Surprisingly, Abraham Lincoln’s Big Gay Dance Party is a drama. Some might be compelled to call it a dramedy, but works that fall under that category display an equal balance in light and heavy tone. Dance Party is anything but balanced.
During a school Christmas pageant in Menard County, Illinois (a former residence of President Lincoln), the children, playing former presidents, shock the audience with lines that insinuate Honest Abe was homosexual. The teacher responsible for the controversy, Harmony Green, is swiftly fired and brought up on criminal charges for distributing harmful materials to minors. When two Illinois republicans competing for gubernatorial status fill the roles of defense and prosecution, the case becomes “the trial of the century.”
After these events unfold, the cast breaks the fourth wall and informs the audience that we are in control of the evening’s proceedings. We are to witness the story three times from the perspectives of the prosecutor, the defense attorney, and the New York Times reporter who comes to town. However, the audience gets to choose in which order we see them. The gimmick is interesting in the sense that when certain events happen in one act, the causes are further explained in other acts due to a difference in perspective and the play becomes a bit of an entertaining puzzle. Overall, it feels like a tool to complicate an uncomplicated story.
Further convoluting Dance Party is that it’s a bipolar play, much of which stems from its title. Abraham Lincoln’s Big Gay Dance Party infers a flashy, flamboyant, comical romp through the designated narrative. Yes, there are definitely moments like that in Dance Party. But instead of holding steady to that tone, there are also scenes where characters throw themselves at each other, screaming and gritting their teeth in vengeful agony about lost friends during the AIDS crisis in the 1980s. These two tones do not match up and make for a confusing theater experience. Read more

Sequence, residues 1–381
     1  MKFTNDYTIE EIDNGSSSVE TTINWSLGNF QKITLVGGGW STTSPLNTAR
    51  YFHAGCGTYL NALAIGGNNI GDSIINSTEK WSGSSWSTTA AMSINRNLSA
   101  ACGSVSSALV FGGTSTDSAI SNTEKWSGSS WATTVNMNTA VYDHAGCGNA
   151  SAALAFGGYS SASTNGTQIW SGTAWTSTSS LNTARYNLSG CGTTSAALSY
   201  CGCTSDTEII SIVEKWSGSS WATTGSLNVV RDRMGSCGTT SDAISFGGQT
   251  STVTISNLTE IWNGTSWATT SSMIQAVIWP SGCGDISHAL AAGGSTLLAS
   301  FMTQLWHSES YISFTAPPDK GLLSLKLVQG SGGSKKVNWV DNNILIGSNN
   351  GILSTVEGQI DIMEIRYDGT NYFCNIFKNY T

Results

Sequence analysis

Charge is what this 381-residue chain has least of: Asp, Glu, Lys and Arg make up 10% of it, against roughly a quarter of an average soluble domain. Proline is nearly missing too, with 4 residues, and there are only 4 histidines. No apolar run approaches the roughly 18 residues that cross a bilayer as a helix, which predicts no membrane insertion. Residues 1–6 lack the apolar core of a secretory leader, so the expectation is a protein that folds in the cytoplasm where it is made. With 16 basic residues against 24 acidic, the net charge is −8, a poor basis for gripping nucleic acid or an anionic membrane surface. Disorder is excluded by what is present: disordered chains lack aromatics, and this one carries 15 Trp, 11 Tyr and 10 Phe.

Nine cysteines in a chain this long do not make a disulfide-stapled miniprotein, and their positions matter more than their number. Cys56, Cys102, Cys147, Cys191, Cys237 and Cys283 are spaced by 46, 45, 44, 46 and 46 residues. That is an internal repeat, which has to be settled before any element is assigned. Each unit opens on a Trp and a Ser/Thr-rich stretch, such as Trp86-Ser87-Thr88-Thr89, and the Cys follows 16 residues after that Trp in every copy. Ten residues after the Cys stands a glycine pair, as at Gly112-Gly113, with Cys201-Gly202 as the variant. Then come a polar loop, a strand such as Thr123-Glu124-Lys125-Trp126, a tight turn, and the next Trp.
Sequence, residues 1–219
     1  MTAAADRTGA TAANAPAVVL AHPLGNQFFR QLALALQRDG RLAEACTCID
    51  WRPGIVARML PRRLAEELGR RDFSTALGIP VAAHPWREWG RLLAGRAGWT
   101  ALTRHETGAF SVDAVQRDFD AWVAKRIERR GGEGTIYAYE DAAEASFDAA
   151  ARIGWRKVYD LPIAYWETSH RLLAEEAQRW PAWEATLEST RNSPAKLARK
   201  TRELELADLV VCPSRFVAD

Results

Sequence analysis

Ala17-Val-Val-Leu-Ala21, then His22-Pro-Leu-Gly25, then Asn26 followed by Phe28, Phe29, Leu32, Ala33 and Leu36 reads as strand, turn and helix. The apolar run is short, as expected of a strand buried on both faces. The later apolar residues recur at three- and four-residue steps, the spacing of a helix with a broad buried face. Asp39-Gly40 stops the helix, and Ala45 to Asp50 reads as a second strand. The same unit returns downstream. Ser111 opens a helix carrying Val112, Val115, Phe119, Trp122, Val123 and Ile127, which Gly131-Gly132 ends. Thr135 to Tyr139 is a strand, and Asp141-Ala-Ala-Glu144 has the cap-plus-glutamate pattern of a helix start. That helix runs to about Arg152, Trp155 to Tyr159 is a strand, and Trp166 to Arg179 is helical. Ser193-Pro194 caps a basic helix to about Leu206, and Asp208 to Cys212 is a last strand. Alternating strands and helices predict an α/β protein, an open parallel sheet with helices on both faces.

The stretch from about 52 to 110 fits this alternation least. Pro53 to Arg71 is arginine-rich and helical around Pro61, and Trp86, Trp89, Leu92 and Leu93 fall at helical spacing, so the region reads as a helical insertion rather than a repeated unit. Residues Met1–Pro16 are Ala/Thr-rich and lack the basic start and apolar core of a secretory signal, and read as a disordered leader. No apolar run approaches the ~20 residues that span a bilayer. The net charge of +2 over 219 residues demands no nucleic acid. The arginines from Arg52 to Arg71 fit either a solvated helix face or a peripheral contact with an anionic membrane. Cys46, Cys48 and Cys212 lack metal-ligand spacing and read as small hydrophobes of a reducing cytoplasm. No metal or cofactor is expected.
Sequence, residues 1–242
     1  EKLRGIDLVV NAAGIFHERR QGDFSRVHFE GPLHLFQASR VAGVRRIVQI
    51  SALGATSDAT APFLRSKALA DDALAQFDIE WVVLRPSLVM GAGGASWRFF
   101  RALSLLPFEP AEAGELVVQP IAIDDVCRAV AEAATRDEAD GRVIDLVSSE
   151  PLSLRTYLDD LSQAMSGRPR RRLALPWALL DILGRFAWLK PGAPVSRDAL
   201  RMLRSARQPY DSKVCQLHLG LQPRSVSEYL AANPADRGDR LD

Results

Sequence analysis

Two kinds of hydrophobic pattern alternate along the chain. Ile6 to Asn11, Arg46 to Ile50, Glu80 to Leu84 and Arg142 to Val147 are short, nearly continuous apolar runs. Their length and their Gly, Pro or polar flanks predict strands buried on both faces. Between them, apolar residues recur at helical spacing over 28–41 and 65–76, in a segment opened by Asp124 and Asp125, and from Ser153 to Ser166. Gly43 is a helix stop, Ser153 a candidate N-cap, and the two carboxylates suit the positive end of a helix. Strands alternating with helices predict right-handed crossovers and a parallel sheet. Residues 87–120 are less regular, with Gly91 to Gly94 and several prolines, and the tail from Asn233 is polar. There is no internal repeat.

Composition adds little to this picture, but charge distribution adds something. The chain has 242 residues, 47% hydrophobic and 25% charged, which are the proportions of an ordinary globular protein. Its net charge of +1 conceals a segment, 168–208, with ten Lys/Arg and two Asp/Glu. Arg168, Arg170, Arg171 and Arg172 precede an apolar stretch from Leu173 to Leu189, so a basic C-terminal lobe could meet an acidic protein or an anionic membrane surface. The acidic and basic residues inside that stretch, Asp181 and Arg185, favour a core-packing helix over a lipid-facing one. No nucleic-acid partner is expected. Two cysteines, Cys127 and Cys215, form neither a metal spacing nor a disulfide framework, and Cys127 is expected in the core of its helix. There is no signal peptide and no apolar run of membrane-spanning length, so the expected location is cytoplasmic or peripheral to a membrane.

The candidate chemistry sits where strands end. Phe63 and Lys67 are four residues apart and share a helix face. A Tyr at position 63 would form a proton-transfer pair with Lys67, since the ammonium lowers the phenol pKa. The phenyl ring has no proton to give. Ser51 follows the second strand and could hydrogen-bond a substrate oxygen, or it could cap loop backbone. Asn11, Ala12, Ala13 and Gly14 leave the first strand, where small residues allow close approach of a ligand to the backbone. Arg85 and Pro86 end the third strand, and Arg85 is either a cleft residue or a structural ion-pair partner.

Usually when I can’t follow the plotline of a show, that doesn’t bode well for how I feel about the production as a whole. Bizarrely enough, this is not the case with The 39 Steps. I was incredibly engaged the entire show, and I think I smiled the entire way through. I also didn’t know what the heck was going on. I hope that’s not an insult to writer John Buchan; it shouldn’t be. What he lacks in story clarity, he and director Maria Aitken make up for in stage directions and concept.
The 39 Steps is based on the 1935 Alfred Hitchcock film of the same title and follows Richard Hannay (Sean Mahon), a detective, a college professor, a mystery writer—I don’t know!—on a mad chase. The police are after him for the death of a strange woman, Annabella Schmidt, who was murdered in his home. Earlier in the night, the mysterious Annabella (who fired a gun in a theater and followed Richard home) yammered on to Richard about some kind of something, her search for this thing called “the 39 steps.” I don’t really know what she was talking about, but it sounded serious. Anyway, she ends up with a knife in her back and a freaked Richard takes off into the night, and somewhere along the way decides to continue Annabella’s search for the 39 steps.
But wait; this all sounds way too serious. The 39 Steps is a comical mystery (comystery?) similar to the style of Monty Python. The show is incredibly inventive; a cast of only four actors portrays 150 characters, using tricks such as shadows, quick costume changes, and abstract scenery. What’s delightful about this show is that it reaches out to an audience that knows how to use its imagination. Read more